(Sept. 14, 1950, ch. 950, § 4,64 Stat. 850.)
Repeal of Inconsistent Laws
Repeal of laws inconsistent with act Sept. 14, 1950, see note set out under section
of this title.
Grazing Study of Grand Teton National Park
Pub. L. 105–81
, Nov. 13, 1997, 111 Stat. 1537
, provided that:
“Congress finds that—
“(1) open space near Grand Teton National Park continues to decline;
“(2) as the population continues to grow in Teton County, Wyoming, undeveloped land near the Park becomes more scarce;
“(3) the loss of open space around Teton Park has negative impacts on wildlife migration routes in the area and on visitors to the Park, and its repercussions can be felt throughout the entire region;
“(4) a few ranches make up Teton Valley’s remaining open space, and the ranches depend on grazing in Grand Teton National Park for summer range to maintain operations;
“(5) the Act that created Grand Teton National Park [act Feb. 26, 1929, ch. 331, 45 Stat. 1314
, 16 U.S.C. former 406 to 406d] allowed several permittees to continue livestock grazing in the Park for the life of a designated heir in the family;
“(6) some of the last remaining heirs have died, and as a result the open space around the Park will most likely be subdivided and developed;
“(7) in order to develop the best solution to protect open space immediately adjacent to Grand Teton National Park, the Park Service should conduct a study of open space in the region; and
“(8) the study should develop workable solutions that are fiscally responsible and acceptable to the National Park Service, the public, local government, and landowners in the area.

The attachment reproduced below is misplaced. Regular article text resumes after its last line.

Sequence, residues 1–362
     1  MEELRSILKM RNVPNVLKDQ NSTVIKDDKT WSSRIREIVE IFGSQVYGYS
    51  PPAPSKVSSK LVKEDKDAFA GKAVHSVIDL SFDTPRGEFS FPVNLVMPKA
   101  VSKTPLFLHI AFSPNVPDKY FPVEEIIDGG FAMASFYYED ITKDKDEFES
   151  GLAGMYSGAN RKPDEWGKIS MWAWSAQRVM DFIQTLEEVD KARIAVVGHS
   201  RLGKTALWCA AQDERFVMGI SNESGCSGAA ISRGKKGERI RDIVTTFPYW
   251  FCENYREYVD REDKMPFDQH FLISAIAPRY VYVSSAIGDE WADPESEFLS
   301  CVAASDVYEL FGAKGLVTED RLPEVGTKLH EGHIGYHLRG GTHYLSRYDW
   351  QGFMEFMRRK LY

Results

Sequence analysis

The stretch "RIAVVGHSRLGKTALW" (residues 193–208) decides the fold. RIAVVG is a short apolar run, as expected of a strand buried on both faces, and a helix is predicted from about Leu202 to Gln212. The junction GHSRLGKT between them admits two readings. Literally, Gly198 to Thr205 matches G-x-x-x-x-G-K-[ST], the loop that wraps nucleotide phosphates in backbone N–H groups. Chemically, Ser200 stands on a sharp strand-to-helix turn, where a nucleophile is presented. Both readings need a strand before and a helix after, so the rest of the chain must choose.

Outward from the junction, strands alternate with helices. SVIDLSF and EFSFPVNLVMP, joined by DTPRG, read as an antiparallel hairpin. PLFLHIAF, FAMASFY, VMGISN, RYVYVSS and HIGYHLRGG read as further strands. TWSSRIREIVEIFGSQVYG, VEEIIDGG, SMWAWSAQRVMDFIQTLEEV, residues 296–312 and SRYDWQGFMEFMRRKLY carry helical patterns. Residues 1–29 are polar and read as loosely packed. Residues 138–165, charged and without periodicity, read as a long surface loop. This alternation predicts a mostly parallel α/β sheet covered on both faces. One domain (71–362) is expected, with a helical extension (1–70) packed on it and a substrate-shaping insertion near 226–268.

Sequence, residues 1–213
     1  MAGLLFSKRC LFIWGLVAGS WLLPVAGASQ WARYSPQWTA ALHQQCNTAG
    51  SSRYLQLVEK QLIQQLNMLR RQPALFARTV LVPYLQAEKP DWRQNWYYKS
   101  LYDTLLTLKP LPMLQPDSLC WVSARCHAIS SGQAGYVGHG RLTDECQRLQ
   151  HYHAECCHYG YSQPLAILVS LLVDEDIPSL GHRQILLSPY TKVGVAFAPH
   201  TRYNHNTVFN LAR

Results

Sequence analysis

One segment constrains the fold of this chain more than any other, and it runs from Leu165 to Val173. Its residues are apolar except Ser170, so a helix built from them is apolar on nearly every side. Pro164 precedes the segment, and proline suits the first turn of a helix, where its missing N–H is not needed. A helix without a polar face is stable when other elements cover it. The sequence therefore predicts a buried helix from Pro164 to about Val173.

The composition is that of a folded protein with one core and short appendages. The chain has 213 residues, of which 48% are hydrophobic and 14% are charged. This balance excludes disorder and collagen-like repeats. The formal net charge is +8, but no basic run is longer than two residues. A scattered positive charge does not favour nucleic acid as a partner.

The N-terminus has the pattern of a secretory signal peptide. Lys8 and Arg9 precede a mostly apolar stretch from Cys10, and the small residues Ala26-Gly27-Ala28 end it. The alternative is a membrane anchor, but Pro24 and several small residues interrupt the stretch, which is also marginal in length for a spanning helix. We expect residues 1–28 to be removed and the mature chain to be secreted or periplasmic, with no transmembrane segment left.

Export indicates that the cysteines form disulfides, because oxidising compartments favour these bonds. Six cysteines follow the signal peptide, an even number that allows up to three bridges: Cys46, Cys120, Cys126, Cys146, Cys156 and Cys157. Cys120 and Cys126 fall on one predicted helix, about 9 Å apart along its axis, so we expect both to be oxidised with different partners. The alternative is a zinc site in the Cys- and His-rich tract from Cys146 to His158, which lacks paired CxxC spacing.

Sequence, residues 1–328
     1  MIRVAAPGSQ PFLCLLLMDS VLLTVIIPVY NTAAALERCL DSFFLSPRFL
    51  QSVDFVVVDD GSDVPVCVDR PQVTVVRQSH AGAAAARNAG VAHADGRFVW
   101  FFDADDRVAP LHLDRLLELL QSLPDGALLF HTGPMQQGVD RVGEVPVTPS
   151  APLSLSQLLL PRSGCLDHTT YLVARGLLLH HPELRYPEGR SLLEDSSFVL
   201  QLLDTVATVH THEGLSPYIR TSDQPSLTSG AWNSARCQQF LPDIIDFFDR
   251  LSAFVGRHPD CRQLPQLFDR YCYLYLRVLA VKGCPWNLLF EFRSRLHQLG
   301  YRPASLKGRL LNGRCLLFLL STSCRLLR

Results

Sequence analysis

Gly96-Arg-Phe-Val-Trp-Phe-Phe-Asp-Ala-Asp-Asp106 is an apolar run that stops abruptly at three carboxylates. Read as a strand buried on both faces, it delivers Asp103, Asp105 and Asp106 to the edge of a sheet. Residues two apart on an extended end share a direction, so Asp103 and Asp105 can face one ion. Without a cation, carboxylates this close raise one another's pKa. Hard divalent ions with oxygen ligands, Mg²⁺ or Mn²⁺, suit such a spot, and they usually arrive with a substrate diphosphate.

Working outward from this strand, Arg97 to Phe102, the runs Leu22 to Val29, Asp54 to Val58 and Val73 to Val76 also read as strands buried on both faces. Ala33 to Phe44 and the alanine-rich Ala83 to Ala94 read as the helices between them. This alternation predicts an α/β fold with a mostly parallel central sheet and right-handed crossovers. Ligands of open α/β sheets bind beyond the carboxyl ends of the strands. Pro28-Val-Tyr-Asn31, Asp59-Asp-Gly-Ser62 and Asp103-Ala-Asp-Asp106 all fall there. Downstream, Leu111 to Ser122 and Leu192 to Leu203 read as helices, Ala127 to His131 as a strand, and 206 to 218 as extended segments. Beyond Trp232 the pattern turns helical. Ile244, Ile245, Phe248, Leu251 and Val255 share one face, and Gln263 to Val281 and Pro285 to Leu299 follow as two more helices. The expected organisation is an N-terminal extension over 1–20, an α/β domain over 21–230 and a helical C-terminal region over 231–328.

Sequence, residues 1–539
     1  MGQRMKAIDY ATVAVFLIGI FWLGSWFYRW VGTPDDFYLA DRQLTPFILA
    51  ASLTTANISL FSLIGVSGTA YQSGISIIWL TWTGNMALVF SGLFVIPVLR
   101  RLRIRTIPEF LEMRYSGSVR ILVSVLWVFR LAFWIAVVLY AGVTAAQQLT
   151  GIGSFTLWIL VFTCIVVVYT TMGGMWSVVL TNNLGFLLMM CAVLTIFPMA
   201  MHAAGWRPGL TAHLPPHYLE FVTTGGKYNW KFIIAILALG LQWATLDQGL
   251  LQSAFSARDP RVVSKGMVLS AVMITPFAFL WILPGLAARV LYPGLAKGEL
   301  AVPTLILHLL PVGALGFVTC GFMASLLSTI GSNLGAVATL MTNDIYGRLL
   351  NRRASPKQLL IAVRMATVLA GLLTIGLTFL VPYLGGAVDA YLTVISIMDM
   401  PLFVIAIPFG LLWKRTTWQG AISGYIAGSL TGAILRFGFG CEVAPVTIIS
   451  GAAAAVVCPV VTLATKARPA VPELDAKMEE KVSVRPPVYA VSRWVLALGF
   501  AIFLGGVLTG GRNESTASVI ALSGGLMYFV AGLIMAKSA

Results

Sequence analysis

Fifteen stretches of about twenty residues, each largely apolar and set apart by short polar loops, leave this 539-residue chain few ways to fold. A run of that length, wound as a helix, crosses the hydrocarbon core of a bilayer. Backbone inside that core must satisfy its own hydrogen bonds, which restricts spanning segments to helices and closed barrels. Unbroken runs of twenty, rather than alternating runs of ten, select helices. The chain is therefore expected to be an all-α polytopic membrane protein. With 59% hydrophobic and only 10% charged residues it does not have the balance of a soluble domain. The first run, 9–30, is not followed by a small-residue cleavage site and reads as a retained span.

2. STUDY OF GRAZING USE AND OPEN SPACE.
“(a) In General.—The Secretary of the Interior shall conduct a study concerning grazing use and open space in Grand Teton National Park, Wyoming, and associated use of certain agricultural and ranch lands within and adjacent to the Park, including—
“(1) base land having appurtenant grazing privileges within Grand Teton National Park, Wyoming, remaining after January 1, 1990, under the Act entitled ‘An Act to establish a new Grand Teton National Park in the State of Wyoming, and for other purposes’, approved September 14, 1950 (16
et seq.); and
“(2) any ranch and agricultural land adjacent to the Park, the use and disposition of which may affect accomplishment of the purposes of the Act.
“(b) Purpose.—The study shall—
“(1) assess the significance of the ranching use and pastoral character of the land (including open vistas, wildlife habitat, and other public benefits);
“(2) assess the significance of that use and character to the purposes for which the Park was established and identify any need for preservation of, and practicable means of, preserving the land that is necessary to protect that use and character;
“(3) recommend a variety of economically feasible and viable tools and techniques to retain the pastoral qualities of the land; and
“(4) estimate the costs of implementing any recommendations made for the preservation of the land.
“(c) Participation.—In conducting the study, the Secretary of the Interior shall seek participation from the Governor of the State of Wyoming, the Teton County Commissioners, the Secretary of Agriculture, affected land owners, and other interested members of the public.
“(d) Report.—Not later than 3 years from the date funding is available for the purposes of this Act, the Secretary of the Interior shall submit a report to Congress that contains the findings of the study under subsection (a) and makes recommendations to Congress regarding action that may be taken with respect to the land described in subsection (a).
3. EXTENSION OF GRAZING PRIVILEGES.
“(a) In General.—Subject to subsection (b), the Secretary of the Interior shall reinstate and extend for the duration of the study described in section
and until such time as the recommendations of the study are implemented, the grazing privileges described in section
, under the same terms and conditions as were in effect prior to the expiration of the privileges.
“(b) Effect of Change in Land Use.—If, during the period of the study or until such time as the recommendations of the study are implemented, any portion of the land described in section
is disposed of in a manner that would result in the land no longer being used for ranching or other agricultural purposes, the Secretary of the Interior shall cancel the extension described in subsection (a).”